The subtle hints of a divorce between Rams coach Sean McVay and quarterback Jared Goff slowly intensified as the season progressed. Culminating Saturday when an agreement was made to trade the quarterback to the Detroit Lions, along with 2022 and 2023 first-round draft picks and a 2021 third-round selection, in exchange for Matthew Stafford.
But there might be no better illustration of what went wrong and what needs to be corrected. What happened in a two-play sequence against the winless New York Jets in December UFA.
The Rams trailed 23-20 late in the fourth quarter and were on the New York 37 needing four yards on third down to convert a first, but McVay saw opportunity for more.
Often praised for his offensive ingenuity, the coach saw a chance to exploit the Jets’ man coverage. And shoot for the end zone on third and fourth downs, with alternative shorter options.
On both plays, Goff locked on to his primary target and missed open receivers on underneath routes. McVay acknowledged after the game that those were aggressive calls, but believed they would convert one way or another.
“Clearly have to be able to progress there,” McVay said after the game. “ Ultimately we didn’t make those plays.”
That might have been the culmination of the Rams’ frustrations on offense, but Goff was inconsistent all season. He had 20 touchdown passes, his fewest since his rookie season, and turned the ball over 17 times. He fumbled three more times but the Rams recovered.
That’s the kind of play that keeps coaches up at night.
His three turnovers against the San Francisco 49ers in November cost the Rams the game. Prompted McVay to utter a rare public criticism that Goff “has to take better care of the football.”
Stafford has had fewer passes intercepted than Goff in each of the last three seasons. That’s with a lousy Detroit team often playing from behind and being forced to throw. Stafford had 26 in those seasons, including just five in 2019 (in eight games played), and Goff had 41.
Last season, Stafford averaged 7.7 yards per pass attempt and Goff 7.2. That might not seem like much, but consider this: Stafford threw 13 touchdowns on passes of 20 yards or more, according to Next Gen Stats/Zebra Technologies. Goff threw only four such touchdowns.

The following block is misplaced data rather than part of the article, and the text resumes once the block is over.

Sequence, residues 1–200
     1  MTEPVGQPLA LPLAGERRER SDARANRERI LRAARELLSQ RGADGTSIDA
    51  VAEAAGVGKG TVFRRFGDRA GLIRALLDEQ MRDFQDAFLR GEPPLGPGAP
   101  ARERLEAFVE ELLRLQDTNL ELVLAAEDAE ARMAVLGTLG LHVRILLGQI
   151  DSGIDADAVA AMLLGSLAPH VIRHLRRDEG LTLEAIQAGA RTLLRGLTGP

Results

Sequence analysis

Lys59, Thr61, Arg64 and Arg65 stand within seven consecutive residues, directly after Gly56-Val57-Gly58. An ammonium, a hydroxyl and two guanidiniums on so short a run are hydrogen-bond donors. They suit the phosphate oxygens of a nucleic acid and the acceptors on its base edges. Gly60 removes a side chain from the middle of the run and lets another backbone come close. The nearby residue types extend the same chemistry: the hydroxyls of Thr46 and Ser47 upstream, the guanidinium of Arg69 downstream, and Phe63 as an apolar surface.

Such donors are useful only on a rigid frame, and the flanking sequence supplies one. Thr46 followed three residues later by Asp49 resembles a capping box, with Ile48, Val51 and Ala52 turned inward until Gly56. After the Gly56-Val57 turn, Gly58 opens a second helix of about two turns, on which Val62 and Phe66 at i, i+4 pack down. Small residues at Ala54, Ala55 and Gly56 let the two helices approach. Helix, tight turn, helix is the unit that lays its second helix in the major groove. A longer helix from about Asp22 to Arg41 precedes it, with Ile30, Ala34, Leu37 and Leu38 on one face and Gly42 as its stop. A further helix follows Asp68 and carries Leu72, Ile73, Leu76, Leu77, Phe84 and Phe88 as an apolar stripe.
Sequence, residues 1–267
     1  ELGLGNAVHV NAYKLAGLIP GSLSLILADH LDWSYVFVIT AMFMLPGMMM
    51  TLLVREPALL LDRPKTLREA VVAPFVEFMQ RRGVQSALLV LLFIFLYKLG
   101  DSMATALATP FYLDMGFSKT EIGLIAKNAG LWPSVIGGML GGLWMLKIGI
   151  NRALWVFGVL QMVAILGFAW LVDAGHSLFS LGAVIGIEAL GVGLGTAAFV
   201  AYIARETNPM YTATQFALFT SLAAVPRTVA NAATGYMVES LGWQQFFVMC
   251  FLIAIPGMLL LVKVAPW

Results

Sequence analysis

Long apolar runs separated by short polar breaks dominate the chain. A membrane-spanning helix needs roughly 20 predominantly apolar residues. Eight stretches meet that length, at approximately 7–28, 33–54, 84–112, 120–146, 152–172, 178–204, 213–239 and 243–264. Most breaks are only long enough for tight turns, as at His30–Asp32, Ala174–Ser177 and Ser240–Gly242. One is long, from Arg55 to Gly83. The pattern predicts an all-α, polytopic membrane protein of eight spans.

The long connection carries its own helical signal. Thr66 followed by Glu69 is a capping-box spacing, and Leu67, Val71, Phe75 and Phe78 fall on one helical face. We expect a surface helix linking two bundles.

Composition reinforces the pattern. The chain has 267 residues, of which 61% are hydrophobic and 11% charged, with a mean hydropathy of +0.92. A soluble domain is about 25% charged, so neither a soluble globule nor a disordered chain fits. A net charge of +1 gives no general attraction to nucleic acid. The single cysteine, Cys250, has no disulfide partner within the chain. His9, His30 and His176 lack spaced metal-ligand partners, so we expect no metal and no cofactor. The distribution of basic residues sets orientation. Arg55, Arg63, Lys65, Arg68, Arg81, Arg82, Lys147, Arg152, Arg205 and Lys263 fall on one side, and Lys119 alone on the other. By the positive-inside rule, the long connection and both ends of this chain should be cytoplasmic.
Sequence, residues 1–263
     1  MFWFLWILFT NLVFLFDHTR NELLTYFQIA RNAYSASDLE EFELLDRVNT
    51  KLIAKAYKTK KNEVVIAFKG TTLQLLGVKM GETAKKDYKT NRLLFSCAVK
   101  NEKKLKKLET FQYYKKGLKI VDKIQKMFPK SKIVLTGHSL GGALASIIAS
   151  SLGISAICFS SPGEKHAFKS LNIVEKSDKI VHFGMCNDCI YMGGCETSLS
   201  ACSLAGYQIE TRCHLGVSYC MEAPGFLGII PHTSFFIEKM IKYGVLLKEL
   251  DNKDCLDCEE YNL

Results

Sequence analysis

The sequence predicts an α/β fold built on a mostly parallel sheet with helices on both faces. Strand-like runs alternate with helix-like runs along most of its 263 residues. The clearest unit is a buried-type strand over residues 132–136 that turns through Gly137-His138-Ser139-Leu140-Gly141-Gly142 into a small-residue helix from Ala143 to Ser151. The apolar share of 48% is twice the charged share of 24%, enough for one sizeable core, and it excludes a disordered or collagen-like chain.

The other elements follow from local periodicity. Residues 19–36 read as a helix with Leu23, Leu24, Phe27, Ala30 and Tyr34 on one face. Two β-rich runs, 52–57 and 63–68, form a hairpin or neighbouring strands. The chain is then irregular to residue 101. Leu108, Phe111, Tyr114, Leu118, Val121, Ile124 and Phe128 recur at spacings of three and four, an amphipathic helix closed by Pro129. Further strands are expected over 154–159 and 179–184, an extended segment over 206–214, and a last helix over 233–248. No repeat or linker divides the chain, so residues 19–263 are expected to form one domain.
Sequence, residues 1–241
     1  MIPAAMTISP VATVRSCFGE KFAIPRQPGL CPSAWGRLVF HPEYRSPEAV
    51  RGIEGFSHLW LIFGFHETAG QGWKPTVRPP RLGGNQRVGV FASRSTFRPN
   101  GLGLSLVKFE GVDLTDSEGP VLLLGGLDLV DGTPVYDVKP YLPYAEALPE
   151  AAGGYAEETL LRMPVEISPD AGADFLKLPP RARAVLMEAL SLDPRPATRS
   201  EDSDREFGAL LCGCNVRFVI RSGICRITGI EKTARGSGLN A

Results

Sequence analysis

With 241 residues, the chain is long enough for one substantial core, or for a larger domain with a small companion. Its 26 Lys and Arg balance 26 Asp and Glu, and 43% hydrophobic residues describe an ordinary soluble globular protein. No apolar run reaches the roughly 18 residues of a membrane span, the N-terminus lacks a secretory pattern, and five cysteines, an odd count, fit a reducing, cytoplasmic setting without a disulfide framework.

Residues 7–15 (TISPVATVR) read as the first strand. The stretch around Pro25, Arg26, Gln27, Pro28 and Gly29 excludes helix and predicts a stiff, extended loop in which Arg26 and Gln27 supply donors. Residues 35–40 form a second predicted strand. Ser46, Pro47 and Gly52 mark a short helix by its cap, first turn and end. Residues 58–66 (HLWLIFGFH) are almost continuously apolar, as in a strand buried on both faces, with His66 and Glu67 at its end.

After the Rams traded speedy Brandin Cooks to create salary cap space. They no longer had a deep threat to stretch defenses. That tightened coverage and forced the Rams to endure long drives to score.
That was also a downfall in their NFC divisional round playoff loss to the Green Bay Packers.
Receivers Cooper Kupp and Robert Woods finished with 974 yards and 936 yards, respectively, but most of that production came on short or intermediate routes. Free agents the Rams could target in their price range to add speed include Nelson Agholor and Marvin Jones, Stafford’s former teammate.
Goff thrived in a play-action system with bootlegs and a solid run game, and it doesn’t seem a coincidence that the Rams’ offense was in stride with the decline of Todd Gurley’s left knee.
In his stead, rookie Cam Akers and Darrell Henderson had difficulty staying healthy, although Akers still rushed for 625 yards and scored five times despite missing three games and being slowed by injury. Henderson finished the season on injured reserve for the second consecutive season. but rushed for 624 yards and five touchdowns.
Compare to what Stafford accustomed to in Detroit, that seems like a motherlode. In his 12 seasons, the Lions only had a running back top 100 yards in a game 11 times.
Still, since 2016, when Goff entered the league, Stafford has led 18 game-winning drives on a team with a 32-47-1 record. Goff produced eight. More intriguing, only 1,738 of Stafford’s 4,084 yards passing last season came after the catch. Goff threw for 3,952 yards and 2,131 came after the catch.
Stafford was successful downfield.